Sally is a really busy person – more vendor yap (anti-buzzwords)

Had a week full of vendor meetings and presentations this week, captured some random thoughts:

  • Bad Buzzwords 1 – I definitely tune folks out when they use the word “cool” to describe some piece of technology – how 1990’s. The weird one came this week from a older gent, representing a fairly large company that has mixed hardware and professional services areas. A true moment of cognitive dissonance to hear that one.
  • Bad Buzzwords 2 – Another one – probably a pet peeve of mine, maybe not for most folks – is the old “disparate systems” rap. That so reeks of EAI high concept junk words. I once wrote an RFP that specifically prohibited the use of the phrase; nobody violated the provision, but nobody asked about it either, so they have no sense of humor or don’t read the things.
  • Here’s a classic – sexist examples of use cases / scenario building. We were looking at CRM packages, and the idea that most status reports were being handled by “Sally the receptionist” typing the stuff in. In a later conversation – different vendor, same product area – “Sally” had at least graduated to rep level. I wonder who this archetypal Sally person is, she has really left a strong impression on the world.
  • Bad Buzzwords 3 – I like calling vendors on the carpet when they use buzzwords to make their product a mandate. Best example, but this was a few weeks ago, was the hardware vendor that pointed out their enhancement would increase bus throughput from SAN storage to the CPU – helping with SarbOx compliance. Oh? Which specific requirement included hardware speed in support of tight financial controls? That one was actually fun, my Tech Ops director said I was in rare form.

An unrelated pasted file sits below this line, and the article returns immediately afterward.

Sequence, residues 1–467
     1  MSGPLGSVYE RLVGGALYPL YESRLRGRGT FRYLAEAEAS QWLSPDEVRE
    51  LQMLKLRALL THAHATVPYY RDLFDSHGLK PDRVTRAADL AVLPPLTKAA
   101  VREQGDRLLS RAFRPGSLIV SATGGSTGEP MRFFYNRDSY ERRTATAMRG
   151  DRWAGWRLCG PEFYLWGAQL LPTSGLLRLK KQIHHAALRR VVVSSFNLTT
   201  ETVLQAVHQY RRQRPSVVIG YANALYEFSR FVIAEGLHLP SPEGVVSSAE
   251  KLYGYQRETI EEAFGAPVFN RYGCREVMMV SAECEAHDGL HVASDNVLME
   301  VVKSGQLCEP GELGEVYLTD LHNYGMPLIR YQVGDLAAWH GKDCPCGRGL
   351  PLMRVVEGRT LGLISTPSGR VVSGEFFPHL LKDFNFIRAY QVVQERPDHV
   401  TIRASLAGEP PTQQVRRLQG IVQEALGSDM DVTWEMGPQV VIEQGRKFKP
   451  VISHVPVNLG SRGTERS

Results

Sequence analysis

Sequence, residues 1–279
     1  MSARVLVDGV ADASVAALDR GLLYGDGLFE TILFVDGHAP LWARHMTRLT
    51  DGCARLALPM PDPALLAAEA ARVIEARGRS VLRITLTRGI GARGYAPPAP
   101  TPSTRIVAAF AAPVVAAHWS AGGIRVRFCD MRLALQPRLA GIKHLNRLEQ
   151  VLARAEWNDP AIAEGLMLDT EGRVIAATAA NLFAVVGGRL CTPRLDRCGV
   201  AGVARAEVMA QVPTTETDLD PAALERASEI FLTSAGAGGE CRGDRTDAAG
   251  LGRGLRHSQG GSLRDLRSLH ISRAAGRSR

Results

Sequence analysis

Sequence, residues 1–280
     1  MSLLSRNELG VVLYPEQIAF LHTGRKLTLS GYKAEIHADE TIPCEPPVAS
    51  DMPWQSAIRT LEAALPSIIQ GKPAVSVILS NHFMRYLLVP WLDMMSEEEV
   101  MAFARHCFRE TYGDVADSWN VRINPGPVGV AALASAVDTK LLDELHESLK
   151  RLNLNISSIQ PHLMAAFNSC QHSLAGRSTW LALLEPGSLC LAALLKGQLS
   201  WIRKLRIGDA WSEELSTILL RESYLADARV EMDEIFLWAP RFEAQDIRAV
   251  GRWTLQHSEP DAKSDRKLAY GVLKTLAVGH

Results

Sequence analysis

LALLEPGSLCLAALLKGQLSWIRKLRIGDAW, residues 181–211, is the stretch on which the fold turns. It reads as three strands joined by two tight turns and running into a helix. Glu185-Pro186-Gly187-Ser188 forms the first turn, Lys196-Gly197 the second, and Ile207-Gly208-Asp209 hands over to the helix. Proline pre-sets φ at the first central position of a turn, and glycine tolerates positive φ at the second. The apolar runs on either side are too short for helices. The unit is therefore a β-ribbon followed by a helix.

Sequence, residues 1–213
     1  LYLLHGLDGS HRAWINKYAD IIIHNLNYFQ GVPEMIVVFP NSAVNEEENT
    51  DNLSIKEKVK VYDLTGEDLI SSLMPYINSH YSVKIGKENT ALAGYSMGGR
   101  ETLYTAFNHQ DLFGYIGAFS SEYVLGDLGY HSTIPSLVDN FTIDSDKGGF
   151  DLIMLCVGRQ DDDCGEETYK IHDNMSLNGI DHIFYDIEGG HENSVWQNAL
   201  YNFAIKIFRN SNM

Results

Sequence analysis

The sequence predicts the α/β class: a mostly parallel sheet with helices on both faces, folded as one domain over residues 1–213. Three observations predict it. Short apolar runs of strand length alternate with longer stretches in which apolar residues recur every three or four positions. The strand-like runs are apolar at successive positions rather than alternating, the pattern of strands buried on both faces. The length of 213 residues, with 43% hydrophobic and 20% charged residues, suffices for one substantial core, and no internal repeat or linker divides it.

• Similar situation this past week with one of the CRM vendors. They held that their analytics engine was a unique competitive advantage over the other folks. Exactly how? I wondered; all the examples shown were quite similar to the transactional report samples shown earlier in the day. No obvious answer sprang to mind, but within a minute or two he mentioned something fairly key, and I pointed out that he had stumbled upon the exact reason why their engine was better – the ability to perform complex trending over time.
  • Note how the reps will often parrot the words you use when describing your situation or what the critical success factors are for a given project. In a conversation earlier this year, I learned another rep secret is to mimic the seating posture of their target, to increase the sense that you are of the same mind / personality.

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James MacLennan

... is the Managing Partner at Maker Turtle LLC, a digital consultancy focused on creating value in ways that align with your strategy and drive engagement with employees, customers, and stakeholders. He is an active creator, providing thought leadership through on-line & print publications, and public speaking / keynotes.